14 Feb

Understanding Kansas City Southern’s Intermodal Traffic

WRITTEN BY Samuel Prince

Kansas City Southern’s intermodal traffic

In the week ended February 4, 2017, Kansas City Southern (KSU) reported a YoY (year-over-year) fall of 6.5% in its overall intermodal traffic. Container volumes fell by an almost equal percentage, but trailer traffic grew 1.8% YoY.

Notably, the percentage fall in KSU’s intermodal traffic was in tune with the fall reported by Mexican railroads, though it was in contrast with the rise recorded by US rail carriers.

Understanding Kansas City Southern’s Intermodal Traffic

Why is intermodal so important to KSU?

KSU operates in Mexico through KCSM (Kansas City Southern de México). KSU receives nearly 48% of its revenue from Mexican operations. In 2016, intermodal accounted for 16% of the company’s total revenue.

In Mexico, the company has the sole concession to serve the busy Port of Lázaro Cárdenas. However, with ongoing talks of constructing a wall on the US-Mexico border, investors should pay attention to how KSU’s business compares with that of other US Class I railroads.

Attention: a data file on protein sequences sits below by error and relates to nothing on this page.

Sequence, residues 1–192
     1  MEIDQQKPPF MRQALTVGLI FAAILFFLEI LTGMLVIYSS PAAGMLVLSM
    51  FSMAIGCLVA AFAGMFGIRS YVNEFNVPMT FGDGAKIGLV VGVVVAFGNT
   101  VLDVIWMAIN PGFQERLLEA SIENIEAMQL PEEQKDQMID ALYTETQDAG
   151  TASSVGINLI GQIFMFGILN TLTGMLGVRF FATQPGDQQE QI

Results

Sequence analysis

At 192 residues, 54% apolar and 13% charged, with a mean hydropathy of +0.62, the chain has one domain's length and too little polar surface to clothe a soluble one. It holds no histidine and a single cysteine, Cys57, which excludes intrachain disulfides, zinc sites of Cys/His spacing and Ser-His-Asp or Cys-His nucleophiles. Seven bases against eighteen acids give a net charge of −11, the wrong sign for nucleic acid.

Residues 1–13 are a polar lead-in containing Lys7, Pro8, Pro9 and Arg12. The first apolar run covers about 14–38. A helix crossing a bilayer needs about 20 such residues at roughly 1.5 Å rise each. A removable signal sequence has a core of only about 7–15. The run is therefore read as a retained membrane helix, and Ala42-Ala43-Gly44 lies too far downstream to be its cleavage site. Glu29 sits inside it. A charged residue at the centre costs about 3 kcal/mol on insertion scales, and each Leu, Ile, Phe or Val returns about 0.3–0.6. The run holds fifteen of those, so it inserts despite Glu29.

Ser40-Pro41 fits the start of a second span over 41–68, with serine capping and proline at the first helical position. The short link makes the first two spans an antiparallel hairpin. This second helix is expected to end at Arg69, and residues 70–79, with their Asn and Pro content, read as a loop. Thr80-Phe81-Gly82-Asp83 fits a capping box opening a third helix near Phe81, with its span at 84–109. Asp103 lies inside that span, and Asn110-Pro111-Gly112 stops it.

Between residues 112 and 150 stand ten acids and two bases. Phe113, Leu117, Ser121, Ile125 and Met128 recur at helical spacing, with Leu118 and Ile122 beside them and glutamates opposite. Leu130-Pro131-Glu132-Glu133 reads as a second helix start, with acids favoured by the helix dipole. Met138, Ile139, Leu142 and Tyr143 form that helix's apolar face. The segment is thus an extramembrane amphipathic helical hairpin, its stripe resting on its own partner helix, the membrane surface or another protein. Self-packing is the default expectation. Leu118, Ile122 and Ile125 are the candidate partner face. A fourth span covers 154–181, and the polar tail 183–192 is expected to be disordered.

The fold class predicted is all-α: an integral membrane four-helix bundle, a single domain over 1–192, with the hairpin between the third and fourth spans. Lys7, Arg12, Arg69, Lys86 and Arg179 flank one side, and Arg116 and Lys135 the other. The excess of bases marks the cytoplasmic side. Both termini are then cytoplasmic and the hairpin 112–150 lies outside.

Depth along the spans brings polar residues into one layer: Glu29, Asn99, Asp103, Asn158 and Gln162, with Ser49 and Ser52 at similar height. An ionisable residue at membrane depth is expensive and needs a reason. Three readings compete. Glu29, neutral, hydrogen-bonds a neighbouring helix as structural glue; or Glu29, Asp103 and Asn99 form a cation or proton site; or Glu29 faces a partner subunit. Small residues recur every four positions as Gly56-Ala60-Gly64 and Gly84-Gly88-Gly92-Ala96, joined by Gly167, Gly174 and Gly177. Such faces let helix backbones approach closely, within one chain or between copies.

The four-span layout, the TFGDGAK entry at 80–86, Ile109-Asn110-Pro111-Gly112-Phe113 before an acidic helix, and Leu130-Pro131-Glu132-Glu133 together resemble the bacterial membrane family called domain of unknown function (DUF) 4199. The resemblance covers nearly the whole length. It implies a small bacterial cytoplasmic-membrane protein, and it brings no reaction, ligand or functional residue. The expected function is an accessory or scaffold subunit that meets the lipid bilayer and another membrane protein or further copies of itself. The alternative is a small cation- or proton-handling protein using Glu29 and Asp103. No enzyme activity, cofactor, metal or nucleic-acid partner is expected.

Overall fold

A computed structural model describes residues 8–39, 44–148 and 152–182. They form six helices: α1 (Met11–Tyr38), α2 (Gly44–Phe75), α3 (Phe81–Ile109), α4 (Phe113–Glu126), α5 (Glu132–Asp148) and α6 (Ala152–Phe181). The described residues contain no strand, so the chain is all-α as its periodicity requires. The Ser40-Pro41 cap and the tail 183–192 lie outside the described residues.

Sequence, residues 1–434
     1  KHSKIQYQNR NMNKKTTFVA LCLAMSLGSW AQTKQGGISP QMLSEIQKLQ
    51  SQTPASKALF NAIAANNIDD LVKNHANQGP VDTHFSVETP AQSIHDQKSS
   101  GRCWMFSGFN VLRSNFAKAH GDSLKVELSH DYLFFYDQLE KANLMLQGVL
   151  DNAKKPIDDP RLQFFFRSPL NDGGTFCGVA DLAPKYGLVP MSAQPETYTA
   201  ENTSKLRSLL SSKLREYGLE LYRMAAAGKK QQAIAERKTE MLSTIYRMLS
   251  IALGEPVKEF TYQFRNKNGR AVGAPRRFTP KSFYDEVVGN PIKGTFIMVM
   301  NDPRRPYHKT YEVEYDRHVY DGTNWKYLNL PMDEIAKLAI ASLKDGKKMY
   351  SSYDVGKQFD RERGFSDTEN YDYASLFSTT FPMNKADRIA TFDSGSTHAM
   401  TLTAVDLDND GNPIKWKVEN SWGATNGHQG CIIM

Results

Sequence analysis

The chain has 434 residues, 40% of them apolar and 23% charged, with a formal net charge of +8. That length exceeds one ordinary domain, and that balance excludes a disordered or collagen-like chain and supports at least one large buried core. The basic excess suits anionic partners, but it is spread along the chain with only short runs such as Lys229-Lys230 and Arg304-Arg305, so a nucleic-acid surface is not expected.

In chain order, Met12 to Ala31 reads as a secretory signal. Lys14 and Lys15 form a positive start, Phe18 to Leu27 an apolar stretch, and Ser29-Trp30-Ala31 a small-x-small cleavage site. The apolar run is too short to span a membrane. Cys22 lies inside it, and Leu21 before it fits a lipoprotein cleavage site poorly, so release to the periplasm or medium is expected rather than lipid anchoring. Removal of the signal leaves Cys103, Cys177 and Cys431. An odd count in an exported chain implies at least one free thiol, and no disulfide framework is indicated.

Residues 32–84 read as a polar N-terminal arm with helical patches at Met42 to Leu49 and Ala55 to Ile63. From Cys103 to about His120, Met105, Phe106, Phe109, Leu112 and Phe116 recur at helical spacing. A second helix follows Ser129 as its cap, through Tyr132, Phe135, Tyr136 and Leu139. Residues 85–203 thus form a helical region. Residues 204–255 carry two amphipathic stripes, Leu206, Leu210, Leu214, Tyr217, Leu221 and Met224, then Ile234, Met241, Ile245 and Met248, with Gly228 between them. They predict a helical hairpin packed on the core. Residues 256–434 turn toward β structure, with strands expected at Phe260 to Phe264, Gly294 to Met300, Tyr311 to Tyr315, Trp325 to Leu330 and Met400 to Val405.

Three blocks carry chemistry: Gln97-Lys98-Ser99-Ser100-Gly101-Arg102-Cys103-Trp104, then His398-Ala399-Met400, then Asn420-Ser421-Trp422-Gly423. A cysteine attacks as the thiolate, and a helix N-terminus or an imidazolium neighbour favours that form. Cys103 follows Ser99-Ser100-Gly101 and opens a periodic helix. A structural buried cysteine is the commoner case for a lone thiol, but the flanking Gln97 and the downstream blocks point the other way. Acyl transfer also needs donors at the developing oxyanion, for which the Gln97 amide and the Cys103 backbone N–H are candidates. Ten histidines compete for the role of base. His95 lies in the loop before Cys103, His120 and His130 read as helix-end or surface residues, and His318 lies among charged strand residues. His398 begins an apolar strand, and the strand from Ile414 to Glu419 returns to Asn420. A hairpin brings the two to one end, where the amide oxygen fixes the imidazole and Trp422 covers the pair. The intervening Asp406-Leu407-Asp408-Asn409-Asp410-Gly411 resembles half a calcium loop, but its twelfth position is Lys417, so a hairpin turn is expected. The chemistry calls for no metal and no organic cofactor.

Apart from seasonality, intermodal traffic is affected by exclusive access to ports, highway-to-rail conversions, and levels of retail sales. KSU’s US intermodal business competes with major Western carriers such as BNSF Railway (BRK-B) and Union Pacific (UNP). In Mexico, KCSM’s intermodal competes with Landstar System (LSTR), Trinity Logistics, and ByExpress Logistics.

ETF investment

If you want exposure to the transportation sector, you can always invest in the Guggenheim S&P 500 Equal Weight ETF (RSP). All US-originated Class I railroads are included in the portfolio holdings of RSP.

Investors interested in comparing this week’s freight volume data with the previous week can check out Market Realist’s Your Freight Rail Traffic for the Week Ended January 28.

In the next part of this series, we’ll look at traffic for Canada’s largest freight rail carrier, Canadian National Railway (CNI).

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